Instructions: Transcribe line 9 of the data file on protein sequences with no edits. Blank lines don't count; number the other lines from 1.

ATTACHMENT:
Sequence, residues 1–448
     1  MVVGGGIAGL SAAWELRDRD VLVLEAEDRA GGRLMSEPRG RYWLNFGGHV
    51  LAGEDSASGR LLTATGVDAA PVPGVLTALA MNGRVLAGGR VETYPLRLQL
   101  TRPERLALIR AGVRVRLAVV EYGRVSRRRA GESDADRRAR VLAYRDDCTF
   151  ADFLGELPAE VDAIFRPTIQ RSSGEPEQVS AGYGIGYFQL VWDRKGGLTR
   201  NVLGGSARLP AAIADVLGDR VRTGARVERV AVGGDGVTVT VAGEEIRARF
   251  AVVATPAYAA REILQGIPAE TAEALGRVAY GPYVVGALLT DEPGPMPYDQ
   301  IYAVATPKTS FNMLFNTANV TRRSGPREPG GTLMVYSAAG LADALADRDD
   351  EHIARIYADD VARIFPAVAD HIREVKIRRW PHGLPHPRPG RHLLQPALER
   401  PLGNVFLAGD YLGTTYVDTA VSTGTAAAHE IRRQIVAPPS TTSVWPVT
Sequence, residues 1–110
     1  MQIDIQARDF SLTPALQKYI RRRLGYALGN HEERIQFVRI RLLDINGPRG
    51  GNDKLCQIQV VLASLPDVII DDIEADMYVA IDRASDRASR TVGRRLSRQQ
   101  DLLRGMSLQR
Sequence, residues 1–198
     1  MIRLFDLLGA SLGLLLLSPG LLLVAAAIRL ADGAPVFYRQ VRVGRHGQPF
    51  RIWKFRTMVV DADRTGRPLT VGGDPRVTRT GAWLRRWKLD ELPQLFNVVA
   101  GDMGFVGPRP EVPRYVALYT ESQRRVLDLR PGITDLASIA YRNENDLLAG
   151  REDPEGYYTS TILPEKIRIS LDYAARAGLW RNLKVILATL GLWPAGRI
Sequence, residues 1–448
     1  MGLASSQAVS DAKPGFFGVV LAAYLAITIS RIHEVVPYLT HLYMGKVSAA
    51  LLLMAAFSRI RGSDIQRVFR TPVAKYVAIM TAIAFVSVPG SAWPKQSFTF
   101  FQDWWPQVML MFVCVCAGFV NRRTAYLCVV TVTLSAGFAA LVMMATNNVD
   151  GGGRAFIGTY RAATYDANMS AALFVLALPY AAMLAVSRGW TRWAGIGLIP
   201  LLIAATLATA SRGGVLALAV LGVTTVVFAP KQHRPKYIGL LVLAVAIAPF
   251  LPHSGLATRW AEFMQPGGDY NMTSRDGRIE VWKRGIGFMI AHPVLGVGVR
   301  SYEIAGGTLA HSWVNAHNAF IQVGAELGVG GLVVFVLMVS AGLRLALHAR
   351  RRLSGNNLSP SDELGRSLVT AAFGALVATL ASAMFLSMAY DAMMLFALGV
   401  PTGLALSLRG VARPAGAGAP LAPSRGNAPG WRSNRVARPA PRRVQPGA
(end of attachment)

   351  EHIARIYADD VARIFPAVAD HIREVKIRRW PHGLPHPRPG RHLLQPALER